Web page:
The National Assembly and the executive arm are partnering to review treaties and conventions entered into by Nigeria, said Bamikole Omishore, a special assistant to the President of the Senate.
Omishore, who is special assistant on foreign affairs and international relations disclosed this in an interview with our correspondent in Abuja on Sunday.
He said that Nigeria entered into several conventions decades ago and it had become necessary that the treaties be reviewed to ensure that Nigeria was getting the best out of such partnerships.
With reference to illicit financial flows from Nigeria which is sometimes tied to vague clauses in some of the treaties, Omishore said that the aim of the review was to domesticate such treaties to serve Nigeria’s interest first.
He recalled that the Presidency in 2017 also alluded to its plans to take a second look at conventions and trade partnerships entered into by Nigeria.
“Nigeria has different treaties and partnerships that we’ve signed with different countries.
“We are now going through all those treaties to see how we can domesticate them in Nigeria to make sure that Nigeria is getting the best from every agreement that is signed by different countries.
“The executive is taking a lead, ours in the 8th Senate is to make sure we provide the legislative framework and the appropriate oversight to make sure the interest of Nigeria is protected at all times.
“I remember the executive made mention towards the end of last year that they would be reviewing different treaties because as you rightly said, times are improving and changing.
“The executive is taking a look at it but at the national assembly’s leadership is also looking to see if some of those things favour us or not.
“You also mentioned the illicit financial flows that’s going on, that’s definitely being looked at as well.
“The 8th National Assembly is looking to make sure that the illicit transactions are stopped but at the same time, create an environment for businesses to be done with ease.
“Over the last few months, you might have noticed the bills on ease of doing business and also the bill on NFIU in Senate, those are part of a wide range of legislative interventions to make sure Nigeria conforms with international best practices,” he said.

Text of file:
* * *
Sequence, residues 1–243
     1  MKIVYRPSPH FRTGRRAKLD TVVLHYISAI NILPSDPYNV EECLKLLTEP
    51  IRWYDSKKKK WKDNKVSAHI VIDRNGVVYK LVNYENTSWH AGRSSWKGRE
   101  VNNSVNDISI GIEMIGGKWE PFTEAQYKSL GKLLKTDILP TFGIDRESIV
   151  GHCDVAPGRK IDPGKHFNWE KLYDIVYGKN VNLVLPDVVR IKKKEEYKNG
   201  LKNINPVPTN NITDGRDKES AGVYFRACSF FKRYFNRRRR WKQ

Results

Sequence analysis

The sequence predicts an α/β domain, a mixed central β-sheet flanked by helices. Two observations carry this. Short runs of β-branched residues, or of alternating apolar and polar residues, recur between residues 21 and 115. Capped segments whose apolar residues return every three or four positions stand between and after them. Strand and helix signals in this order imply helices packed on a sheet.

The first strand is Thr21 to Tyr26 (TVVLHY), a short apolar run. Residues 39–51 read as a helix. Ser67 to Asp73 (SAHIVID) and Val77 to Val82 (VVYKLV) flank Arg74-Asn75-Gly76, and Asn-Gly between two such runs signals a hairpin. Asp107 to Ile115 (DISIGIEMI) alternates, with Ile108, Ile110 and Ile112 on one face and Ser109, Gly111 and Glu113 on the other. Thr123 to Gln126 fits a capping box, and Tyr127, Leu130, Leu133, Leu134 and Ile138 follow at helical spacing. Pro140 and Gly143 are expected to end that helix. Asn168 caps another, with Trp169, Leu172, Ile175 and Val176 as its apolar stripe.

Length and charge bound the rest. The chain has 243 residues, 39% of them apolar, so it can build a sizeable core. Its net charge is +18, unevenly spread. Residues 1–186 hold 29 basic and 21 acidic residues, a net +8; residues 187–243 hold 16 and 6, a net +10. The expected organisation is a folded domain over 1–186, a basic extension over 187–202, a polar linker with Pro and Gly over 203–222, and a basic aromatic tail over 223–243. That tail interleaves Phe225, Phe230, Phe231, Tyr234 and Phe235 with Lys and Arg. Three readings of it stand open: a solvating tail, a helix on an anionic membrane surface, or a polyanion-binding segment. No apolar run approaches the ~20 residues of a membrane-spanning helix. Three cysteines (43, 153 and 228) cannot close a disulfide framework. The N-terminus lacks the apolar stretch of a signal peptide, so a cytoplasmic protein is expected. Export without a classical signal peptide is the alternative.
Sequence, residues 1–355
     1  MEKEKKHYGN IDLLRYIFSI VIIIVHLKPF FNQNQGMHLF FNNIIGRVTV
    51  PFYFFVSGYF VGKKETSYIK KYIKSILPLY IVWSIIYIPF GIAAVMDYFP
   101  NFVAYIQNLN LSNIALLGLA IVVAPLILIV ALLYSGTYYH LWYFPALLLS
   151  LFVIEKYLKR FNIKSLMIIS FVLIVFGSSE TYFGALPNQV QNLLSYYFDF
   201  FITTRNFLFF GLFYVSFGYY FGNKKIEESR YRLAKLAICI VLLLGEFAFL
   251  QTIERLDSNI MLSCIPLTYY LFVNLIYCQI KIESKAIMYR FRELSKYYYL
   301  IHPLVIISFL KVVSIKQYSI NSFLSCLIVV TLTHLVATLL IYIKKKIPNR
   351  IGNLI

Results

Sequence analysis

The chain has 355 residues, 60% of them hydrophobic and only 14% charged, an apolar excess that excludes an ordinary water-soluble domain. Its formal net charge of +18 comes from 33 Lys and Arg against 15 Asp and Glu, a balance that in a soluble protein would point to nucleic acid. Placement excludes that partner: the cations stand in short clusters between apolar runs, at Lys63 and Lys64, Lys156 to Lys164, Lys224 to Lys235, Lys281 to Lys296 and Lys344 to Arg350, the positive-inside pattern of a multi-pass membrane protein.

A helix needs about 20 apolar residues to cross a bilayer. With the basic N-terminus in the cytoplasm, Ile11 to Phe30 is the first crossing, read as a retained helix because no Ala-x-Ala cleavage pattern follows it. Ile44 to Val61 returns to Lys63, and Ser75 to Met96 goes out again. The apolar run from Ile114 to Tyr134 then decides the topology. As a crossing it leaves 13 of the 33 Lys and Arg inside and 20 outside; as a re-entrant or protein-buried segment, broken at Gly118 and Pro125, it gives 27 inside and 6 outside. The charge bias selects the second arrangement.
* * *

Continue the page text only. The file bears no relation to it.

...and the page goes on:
Speaking on his role as an assistant on foreign relations, Omishore said that his mandate is to assist the president of the senate in building stronger relationships with the international community and foreign missions from a parliamentary standpoint.
He stressed that the focus will begin from Africa as it is currently more difficult to do business with fellow African countries that it is to trade with Europe and America.
Omishore stressed that the leadership of the 8th National Assembly has the anomaly on its front burner and will do all it can to address it.
“National Assembly leadership is already looking at how to use Parliamentary oversight to strength relationship with African countries.
“As it stands now, it is easier to travel and do business In EU and US than it is to do business with our brothers in Ghana.
“The President of the Senate will be addressing the Ghanaian parliament next Monday and these are some of the things that will come up,” he said.
The African Development Bank (AfDB) has called for increased American and global investments to help unlock Africa’s agriculture potential.
The President of the Bank, Dr. Akinwumi Adesina, made the appeal at the USDA’s 94th Agriculture Outlook Forum in Virginia with the theme, “ Roots of Prosperity’’.
Adesina said: “For too long, agriculture has been associated with what I call the three Ps – pain, penury, and poverty.
“The fact though is that agriculture is a huge wealth-creating sector that is primed to unleash new economic opportunities that will lift hundreds of millions of people out of poverty.”
Adesina appealed to the US private sector to fundamentally change the way it views African agriculture.
“Think about it, the size of the food and agriculture market in Africa will rise to US $ 1 trillion by 2030.
“This is the time for US agri-businesses to invest in Africa.